This shows you the differences between two versions of the page.

Link to this comparison view

Both sides previous revision Previous revision
sdmia_invited_speakers [2015/11/10 07:27]
sdmia_invited_speakers [2015/11/13 12:07] (current)
Line 39: Line 39:
 [[http://​web.engr.oregonstate.edu/​~afern/​|Oregon State]] [[http://​web.engr.oregonstate.edu/​~afern/​|Oregon State]]
-Title: **Learning to Speedup Planning: Filling the Gap Between Reaction ​and Thinking**\\+Title: **Kinder ​and Gentler Teaching Modes for Human-Assisted Policy Learning**\\
 Abstract:\\ Abstract:\\
-The product ​of most learning algorithms ​for sequential decision +This talk considers the problem ​of teaching action policies to computers ​for sequential decision making. The vast majority of policy ​learning algorithms offer human teachers little flexibility in how policies are taught. In particularone of two learning modes is typically considered: 1) Imitation learningwhere the teacher demonstrates explicit action sequences ​to the learnerand 2) Reinforcement learningwhere the teacher designs ​reward function for the learner to autonomously optimize via practiceThis is in sharp contrast to how humans teach other humans, where many other learning ​modes are commonly used besides imitation and practiceThe talk will highlight some of our recent work on broadening ​the available learning modes for computer policy learnerswith the eventual aim of allowing humans to teach computers more naturally and efficiently. In additionwe will sketch ​some of the challenges in this research direction ​for both policy ​learning ​and more general planning systems.
-making ​is a policy, ​which supports very fastor reactive, decision +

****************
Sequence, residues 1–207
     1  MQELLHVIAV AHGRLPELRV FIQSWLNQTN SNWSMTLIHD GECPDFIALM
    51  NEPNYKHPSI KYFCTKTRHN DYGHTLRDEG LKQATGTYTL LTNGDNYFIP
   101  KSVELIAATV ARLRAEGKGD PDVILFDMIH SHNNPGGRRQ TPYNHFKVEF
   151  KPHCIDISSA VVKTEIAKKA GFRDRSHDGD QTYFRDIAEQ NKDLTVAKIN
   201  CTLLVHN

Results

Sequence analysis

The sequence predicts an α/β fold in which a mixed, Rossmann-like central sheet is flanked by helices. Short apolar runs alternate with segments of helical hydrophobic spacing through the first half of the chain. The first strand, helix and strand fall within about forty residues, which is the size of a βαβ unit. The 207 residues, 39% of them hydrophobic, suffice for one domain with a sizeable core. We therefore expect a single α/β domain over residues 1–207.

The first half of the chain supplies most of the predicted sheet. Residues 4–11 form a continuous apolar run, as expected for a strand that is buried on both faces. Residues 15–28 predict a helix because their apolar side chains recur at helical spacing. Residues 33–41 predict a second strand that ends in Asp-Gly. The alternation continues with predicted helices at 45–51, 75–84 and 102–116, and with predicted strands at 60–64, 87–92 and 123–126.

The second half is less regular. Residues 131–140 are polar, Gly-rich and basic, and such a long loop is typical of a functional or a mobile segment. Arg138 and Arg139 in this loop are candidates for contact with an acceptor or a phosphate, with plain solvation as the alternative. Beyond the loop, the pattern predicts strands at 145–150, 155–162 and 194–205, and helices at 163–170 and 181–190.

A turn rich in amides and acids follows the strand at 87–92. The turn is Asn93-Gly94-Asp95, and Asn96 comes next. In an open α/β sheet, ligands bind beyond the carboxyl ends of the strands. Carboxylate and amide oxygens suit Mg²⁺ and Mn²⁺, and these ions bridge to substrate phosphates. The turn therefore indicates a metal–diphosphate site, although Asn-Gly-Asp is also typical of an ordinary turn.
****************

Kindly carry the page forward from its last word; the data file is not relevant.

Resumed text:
-making. Another way to compute decisiongiven a domain model or +
-simulatoris to use deliberative planning algorithm, potentially +
-at a high computational costOne perspective ​is that algorithms +
-for learning ​reactive policies ​are attempting to compiling away the +
-deliberative "​thinking"​ process of planners into fast circuits. +
-Intuition suggest, however, that such compilation ​will not support +
-quality decision making in the most difficult domains (e.g. chess, +
-logisticsetc.). In other wordssome domains ​will always require +
-some amount ​of deliberative planning. Is there a role for learning +
-in such cases?+
-In this talk, I will revisit the old idea of speedup learning for 
-planning, where the goal of learning is to speedup a deliberative 
-planning in a domain, given experience in that domain. This speedup 
-learning framework offers a bridge between learning for purely 
-reactive behavior and pure deliberative planning. I will review 
-some prior work and speculate about why it produced only limited 
-successes. I will then review some of our own recent work in the 
-area of speedup learning for MDP tree search and discuss potential 
-future directions. 
Recent changes RSS feed Creative Commons License Donate Minima Template by Wikidesign Driven by DokuWiki